Quoting from Wikipedia:

Windsor developed its gypsum deposits, usually selling it to American markets at Passamaquoddy Bay. Often this trade was illegal. In 1820 an effort to stop this smuggling trade resulted in the "Plaster War", in which local smugglers resoundingly defeated the efforts of New Brunswick officials to bring the trade under their control.

The source seem to be the 2006 book Borderland Smuggling by J. M. Smith1, for which the summary contains this part:

Joshua Smith examines the reasons for smuggling in this area and how three conflicts in early republic history—the 1809 Flour War, the War of 1812, and the 1820 Plaster War—reveal smuggling's relationship to crime, borderlands, and the transition from mercantilism to capitalism.

Why would this be illegal?

I assume that reading the whole book would enlighten me, but I don't have access to it, and for some reason it's also listed in the genre "True Crime" which makes me believe it may be a little more sensationalized than I'm comfortable with.

1. Smith, J. M. (2006). Borderland Smuggling: Patriots, Loyalists, and Illicit Trade in the Northeast, 1783-1820. United States: University Press of Florida.

  • 2
    Typical reason for export restrictions would be for military reasons (not likely for Canada?) or to keep the prices low for domestic consumers by restricting demand to the home country.
    – T.E.D.
    Commented Apr 30 at 20:48
  • 7
    It wasn't illegal when the tarfiff was paid. That's most often what "smuggling" means.
    – Brian Z
    Commented May 1 at 1:25
  • 4
    (Relatively) free trade is a 20th century post WW2 (and colonies) thing. Protectionism was the name of the game then.
    – Jon Custer
    Commented May 1 at 1:34

1 Answer 1


Entering your question into google results in the Plaster War

The problem persisted for years and in 1816-17, the New Brunswick and Nova Scotia colonial governments passed complementary laws that tried to prevent landing gypsum along known smuggling routes in the US or in the provinces. The goal was to have gypsum exports controlled by legitimate merchants and shipowners who would pay the duties. However, the Americans retaliated with a law of their own and the effort failed.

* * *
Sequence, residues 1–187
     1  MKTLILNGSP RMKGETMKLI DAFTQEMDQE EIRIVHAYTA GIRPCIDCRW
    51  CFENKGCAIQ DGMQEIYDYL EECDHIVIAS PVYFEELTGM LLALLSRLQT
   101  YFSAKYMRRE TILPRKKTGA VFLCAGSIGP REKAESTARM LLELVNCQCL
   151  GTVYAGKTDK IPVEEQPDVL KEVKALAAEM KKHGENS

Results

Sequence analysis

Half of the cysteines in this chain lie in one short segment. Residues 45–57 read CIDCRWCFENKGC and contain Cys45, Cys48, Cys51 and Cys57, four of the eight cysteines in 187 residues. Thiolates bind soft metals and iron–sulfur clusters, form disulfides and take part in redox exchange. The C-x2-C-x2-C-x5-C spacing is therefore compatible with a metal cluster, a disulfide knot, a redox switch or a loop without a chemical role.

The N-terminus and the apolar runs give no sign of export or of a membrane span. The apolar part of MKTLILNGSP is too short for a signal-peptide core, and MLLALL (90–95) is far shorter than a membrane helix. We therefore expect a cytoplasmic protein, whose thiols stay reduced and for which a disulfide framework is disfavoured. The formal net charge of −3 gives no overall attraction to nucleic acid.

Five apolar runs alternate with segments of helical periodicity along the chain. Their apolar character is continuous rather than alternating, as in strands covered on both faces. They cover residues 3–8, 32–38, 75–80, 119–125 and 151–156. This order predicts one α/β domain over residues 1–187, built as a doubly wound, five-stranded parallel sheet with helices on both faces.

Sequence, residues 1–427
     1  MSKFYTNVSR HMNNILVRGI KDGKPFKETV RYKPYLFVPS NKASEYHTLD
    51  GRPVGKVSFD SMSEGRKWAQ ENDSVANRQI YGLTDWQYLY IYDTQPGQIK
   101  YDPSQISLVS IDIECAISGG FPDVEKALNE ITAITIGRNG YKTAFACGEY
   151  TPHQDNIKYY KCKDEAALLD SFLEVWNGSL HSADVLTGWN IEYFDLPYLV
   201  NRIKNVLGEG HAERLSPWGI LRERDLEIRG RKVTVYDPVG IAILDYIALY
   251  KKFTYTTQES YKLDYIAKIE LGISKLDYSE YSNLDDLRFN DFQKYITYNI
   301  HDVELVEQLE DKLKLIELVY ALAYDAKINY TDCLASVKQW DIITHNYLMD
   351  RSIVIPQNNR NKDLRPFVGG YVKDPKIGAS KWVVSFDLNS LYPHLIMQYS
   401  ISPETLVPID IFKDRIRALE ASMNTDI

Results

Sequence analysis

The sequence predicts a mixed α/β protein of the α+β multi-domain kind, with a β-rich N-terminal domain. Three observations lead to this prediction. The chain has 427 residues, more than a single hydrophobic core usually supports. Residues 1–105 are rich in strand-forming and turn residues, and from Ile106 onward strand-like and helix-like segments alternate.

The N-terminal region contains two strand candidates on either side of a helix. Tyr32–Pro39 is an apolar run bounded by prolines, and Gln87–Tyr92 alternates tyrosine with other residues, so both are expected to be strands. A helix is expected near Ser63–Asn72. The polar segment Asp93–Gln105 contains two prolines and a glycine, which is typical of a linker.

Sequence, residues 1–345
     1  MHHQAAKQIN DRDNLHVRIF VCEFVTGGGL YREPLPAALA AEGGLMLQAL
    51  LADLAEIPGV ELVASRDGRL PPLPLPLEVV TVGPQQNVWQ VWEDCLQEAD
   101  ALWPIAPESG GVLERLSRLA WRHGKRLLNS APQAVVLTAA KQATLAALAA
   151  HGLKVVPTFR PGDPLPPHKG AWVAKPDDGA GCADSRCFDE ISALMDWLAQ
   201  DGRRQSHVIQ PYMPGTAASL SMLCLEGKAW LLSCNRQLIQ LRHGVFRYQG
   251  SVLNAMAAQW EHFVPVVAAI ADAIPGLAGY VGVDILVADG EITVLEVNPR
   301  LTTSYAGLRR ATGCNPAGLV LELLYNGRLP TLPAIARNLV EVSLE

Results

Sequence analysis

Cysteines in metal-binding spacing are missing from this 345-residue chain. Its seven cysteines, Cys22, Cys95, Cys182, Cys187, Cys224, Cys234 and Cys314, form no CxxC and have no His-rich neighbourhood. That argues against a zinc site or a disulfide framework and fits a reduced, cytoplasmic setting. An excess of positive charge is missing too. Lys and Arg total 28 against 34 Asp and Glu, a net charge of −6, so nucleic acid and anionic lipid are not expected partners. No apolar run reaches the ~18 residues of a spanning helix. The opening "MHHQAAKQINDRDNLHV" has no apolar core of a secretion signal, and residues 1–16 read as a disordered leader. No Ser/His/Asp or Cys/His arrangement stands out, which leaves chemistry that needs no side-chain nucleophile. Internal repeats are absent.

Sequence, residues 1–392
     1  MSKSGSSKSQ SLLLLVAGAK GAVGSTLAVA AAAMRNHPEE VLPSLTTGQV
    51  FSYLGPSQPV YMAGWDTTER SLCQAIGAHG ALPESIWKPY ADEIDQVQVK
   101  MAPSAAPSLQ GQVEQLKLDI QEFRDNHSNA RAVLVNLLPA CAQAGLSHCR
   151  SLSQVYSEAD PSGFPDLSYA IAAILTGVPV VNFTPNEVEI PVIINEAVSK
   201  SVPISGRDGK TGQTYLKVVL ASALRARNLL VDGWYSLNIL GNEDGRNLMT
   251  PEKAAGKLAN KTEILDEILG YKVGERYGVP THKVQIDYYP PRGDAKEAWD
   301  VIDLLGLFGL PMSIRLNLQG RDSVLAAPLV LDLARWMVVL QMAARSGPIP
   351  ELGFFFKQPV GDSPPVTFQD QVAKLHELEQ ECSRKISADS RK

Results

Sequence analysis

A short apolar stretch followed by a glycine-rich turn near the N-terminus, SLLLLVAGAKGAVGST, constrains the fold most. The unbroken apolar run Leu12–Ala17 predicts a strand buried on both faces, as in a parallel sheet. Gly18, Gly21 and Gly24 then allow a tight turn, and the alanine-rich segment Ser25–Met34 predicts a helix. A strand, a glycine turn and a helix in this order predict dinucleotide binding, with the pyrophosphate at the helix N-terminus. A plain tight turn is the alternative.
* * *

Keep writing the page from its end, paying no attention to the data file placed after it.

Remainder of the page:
@MJ713 found a copy of the New Brunswick 1816 law

In 1820, the New Brunswick government, pushed by Saint John merchants, passed a new law that appointed a "preventative officer" with wide powers to control the gypsum trade. Stephen Humbert of Saint John was appointed to the role.


By various means, including kidnapping and armed resistance, in addition to the active participation of law enforcement officers, American flour entered British territory illegally and British gypsum, or plaster used as a fertilizer, flowed through American waters into U.S. fields as contraband. Thus, the U.S.-Canadian border meant very little to entrepreneurial men in both regions, and Smith concludes that interregional commerce tends "to diminish the importance of borders" (p. 16). Contraband Chronicles

  • 10
    So the answer seems to be "tax evasion"?
    – Yakk
    Commented May 1 at 14:13
  • 3
    Seems to me to be a law designed to inhibit tax evasion, which I had thought was already illegal. Perhaps it raises the penalty or perhaps it makes prosecution easier. or perhaps it is performative legislation. "look! we've done something" Even if what we have done is entirely symbolic. But I try to confine my cynicism to comments and not include it in my answers.
    – MCW
    Commented May 1 at 14:21
  • 3
    I found a copy of the New Brunswick 1816 law: bnald.lib.unb.ca/sites/default/files/…
    – MJ713
    Commented May 1 at 18:21
  • Your link returns a SQL error on the website.
    – Spencer
    Commented May 1 at 19:58
  • That link works fine for me.
    – MCW
    Commented May 1 at 20:53

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